New study explores rising emissions in shadow of global climate talks – YubaNet
In November, world leaders will meet again to negotiate and discuss measures to address the global climate crisis. The question is, will COP26 in Glasgow make a difference? A recently published research article identifies the main reasons behind the world record of 30 years of failure to reduce global emissions.
“A common thread in the literature reviewed is power in its various forms,” ââsays Isak Stoddard, a doctoral student in the Department of Earth Sciences and one of the main authors of the article.
On October 31, representatives from nearly 200 countries will gather in Glasgow, Scotland for the 2021 United Nations Climate Change Conference, also known as COP26. On the agenda, once again, the issue of reducing carbon dioxide emissions to limit global warming to well below 2 degrees Celsius, as enshrined in the 2015 Paris Agreement. , any hopes that the world could move towards phasing out fossil fuels and align with such commitments have been clouded by recent reports of rising emissions.
The reasons for the continued increase in global emissions were recently explored in a study published in the journal Annual environmental and resource review. The lead authors of the study are Isak Stoddard and Kevin Anderson, visiting professor in the Department of Earth Sciences at Uppsala University and former ZennstrÃ¶m professor of leadership on climate change. Along with 21 other researchers, including two from Uppsala University, they searched for explanations in nine key areas of knowledge: international climate governance, the special interests of the fossil fuel industry, geopolitics and militarism, economics and financialization, mitigation modeling, energy supply. systems, inequalities, high carbon lifestyles and social imaginaries (collective images of how we might live).
Power is a common thread
The conclusion reached by the researchers is that a common, and so far marginalized, perspective lies in the central role that power has played.
âBehind the delay in emission reductions, there is everything from geopolitical, military and industrial interests and ways of thinking to the assumptions on which research and knowledge production in areas such as economics and energy are based. and the climate. This has contributed to a 60% increase in global carbon dioxide emissions since 1990, despite decades of international negotiations, research and all kinds of attempted action, âsaid Isak Stoddard.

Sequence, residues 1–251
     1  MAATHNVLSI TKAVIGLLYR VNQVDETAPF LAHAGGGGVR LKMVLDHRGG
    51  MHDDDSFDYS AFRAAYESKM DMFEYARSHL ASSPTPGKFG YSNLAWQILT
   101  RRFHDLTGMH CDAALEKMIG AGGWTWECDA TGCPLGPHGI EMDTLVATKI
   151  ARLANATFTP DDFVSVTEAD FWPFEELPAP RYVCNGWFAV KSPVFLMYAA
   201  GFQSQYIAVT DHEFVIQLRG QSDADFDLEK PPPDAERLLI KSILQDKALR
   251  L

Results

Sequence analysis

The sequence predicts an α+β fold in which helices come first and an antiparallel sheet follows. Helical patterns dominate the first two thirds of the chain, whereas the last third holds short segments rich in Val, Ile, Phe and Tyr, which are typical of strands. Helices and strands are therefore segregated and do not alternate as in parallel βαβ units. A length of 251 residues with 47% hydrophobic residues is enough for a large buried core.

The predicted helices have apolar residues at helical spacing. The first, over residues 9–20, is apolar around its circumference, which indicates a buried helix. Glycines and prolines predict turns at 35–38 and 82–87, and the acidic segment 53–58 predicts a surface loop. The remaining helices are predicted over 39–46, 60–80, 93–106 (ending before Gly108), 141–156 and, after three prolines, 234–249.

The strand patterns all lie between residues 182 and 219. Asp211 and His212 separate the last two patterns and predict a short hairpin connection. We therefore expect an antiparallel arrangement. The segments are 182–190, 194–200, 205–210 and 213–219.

Stoddard also sees the research community as part of the problem, as its production of knowledge has served to strengthen societal structures and interests that helped create and sustain the emissions crisis.
âResearchers are part of a community that produces knowledge on climate issues. It’s about what questions we ask, and don’t ask, as researchers and how we tailor our message to what we deem possible or acceptable in our current political and economic system.
Positioning within unsustainable societal systems
Other factors that have played an important role in the emissions trajectory relate to issues of inequity, as well as bottlenecks in fossil-fuel-intensive and energy-hungry lifestyles and visions of the future.
âWe can also see that a large number of actors who previously viewed the challenge of climate change as a threat to their operations have started to position themselves more proactively. While this may sound gratifying, one of the main conclusions of the article is that we need to understand climate change as part of a much larger problem and as an acute symptom of highly unsustainable, largely societal development. motivated by powerful vested interests that constantly need to be challenged, âsays Isak Stoddard.
Can we hope for better conditions for progress at COP26?
âIt is certainly useful to have such discussions between countries at this level. That said, our study has shown that while there has been some criticism of the design of the United Nations Framework Convention [on Climate Change], the blockages are generally the result of strategic geopolitical considerations decided well in advance of the negotiations. The changes that we need to see must also happen from the bottom up and, of course, in different ways in all the different societies and cultures of the world. “